TAMPA — The potential bill owed by the Tampa Bay Workforce Alliance keeps growing.
A $3,500 comedian and $2,280 worth of fleece blankets are partly to blame, according to new findings by the state.
Already this year, an Agency for Workforce Innovation review determined that the local workforce board must reimburse the government $34,000 for improper food spending.
The second phase of that review has turned up an additional $39,800 in disallowed costs. And agency inspector general James Mathews is questioning how tens of thousands more dollars were spent on promotional materials and events held to recognize area businesses.
The Workforce Alliance, a publicly funded job training center, has 20 working days to respond to the findings. A final investigative report will then be issued.
The alliance board is being asked to explain dozens of expenditures made between July 1, 2007, and Dec. 31, 2009.
For instance, Mathews is questioning the $39,589 in ballroom rental and food costs associated with two Business Excellence Awards events held at the InterContinental Hotel in Tampa.
The investigator said some of the costs associated with those events were not allowed, saying they were "not reasonable and necessary."
Those costs included $3,245 for chair wraps and table decorations, $989 on invitations, $1,150 for edible floral arrangements and $1,200 for a pianist and string quartet for the awards event held on June 10, 2008.
"Interview information indicated a desire on the part of Tampa Bay Workforce Alliance management to make the Business Excellence Awards events very elaborate," inspection documents stated.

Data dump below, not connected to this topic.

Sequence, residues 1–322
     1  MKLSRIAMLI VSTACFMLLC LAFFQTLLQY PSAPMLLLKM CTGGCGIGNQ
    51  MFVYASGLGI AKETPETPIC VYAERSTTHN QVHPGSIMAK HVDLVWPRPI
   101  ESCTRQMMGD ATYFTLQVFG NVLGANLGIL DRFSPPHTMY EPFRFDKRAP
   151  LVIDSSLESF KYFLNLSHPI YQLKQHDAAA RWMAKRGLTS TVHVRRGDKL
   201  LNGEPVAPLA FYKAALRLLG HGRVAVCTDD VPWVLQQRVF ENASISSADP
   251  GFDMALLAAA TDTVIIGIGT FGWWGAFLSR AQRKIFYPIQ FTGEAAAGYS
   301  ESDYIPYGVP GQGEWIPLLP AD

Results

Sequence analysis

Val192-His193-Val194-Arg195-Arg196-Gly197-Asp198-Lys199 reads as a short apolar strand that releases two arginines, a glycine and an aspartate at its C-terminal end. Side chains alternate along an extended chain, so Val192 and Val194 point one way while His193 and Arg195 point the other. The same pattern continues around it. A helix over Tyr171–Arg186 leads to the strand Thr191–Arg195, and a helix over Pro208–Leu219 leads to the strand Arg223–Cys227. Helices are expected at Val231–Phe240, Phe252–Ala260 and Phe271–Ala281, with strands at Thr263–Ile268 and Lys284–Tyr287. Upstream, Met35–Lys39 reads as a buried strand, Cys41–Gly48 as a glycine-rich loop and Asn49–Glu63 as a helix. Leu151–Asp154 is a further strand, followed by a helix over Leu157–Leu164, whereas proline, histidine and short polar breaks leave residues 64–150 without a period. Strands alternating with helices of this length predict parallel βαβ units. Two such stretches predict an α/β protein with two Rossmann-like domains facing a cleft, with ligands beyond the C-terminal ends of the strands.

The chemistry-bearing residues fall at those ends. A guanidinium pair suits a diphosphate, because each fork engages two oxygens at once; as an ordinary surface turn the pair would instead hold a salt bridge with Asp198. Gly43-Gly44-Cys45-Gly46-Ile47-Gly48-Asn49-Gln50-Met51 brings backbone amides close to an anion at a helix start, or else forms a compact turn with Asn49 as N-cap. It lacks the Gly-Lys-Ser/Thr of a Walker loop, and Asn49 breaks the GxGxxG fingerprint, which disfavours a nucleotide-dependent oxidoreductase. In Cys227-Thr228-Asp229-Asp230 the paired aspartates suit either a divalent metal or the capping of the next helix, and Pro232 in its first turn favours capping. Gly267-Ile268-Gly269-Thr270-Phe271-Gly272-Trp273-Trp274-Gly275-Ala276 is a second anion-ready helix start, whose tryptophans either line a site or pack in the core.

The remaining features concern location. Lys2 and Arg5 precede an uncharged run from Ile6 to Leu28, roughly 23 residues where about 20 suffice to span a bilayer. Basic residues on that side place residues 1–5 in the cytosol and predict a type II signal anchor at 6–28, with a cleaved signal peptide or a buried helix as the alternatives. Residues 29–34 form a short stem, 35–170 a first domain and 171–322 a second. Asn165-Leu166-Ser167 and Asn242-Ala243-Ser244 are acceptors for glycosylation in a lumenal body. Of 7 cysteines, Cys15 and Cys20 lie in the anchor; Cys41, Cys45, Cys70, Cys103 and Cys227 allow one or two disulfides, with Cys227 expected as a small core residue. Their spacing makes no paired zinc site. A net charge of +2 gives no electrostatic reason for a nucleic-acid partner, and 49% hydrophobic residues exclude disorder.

Renee Benton Gilmore, the board's chief executive during that time, resigned in February after the inspector general's initial report found excessive spending on food.
Mathews also frowned upon a corporate gathering held March 14, 2008, at the Tampa Improv Comedy Club and Dinner Theatre. The $5,550 paid for tickets and food for 150 staff members was not allowed for a routine staff meeting, documents show.
A $3,200 motivational speaker and a $3,500 comedian hired for corporate meetings last year are among the disallowed costs. So is $2,280 spent on 200 embroidered fleece blankets distributed to employees at a January 2009 meeting.
Also subject to scrutiny are thousands of taxpayer dollars spent on 1,000 briefcases, 503 travel mugs and 1,000 pocket spray sanitizers featuring the workforce board's logo and website address.
Of the $394,000 in expenditures reviewed, Mathews said, $130,200 is not subject to repayment.
Once the investigation is closed, the workforce board will be required to find non-federal funds to repay the money it owes. Otherwise, Hillsborough County will be on the hook.
Ed Peachey, the Workforce Alliance's interim president, said he already stopped any plans for events or sponsorships. And new state rules prohibit using taxpayer money to buy food or beverages for board members and employees.
"That pretty much resolves most of our issues," he said.
Colleen Jenkins can be reached at email@example.com or (813) 226-3337.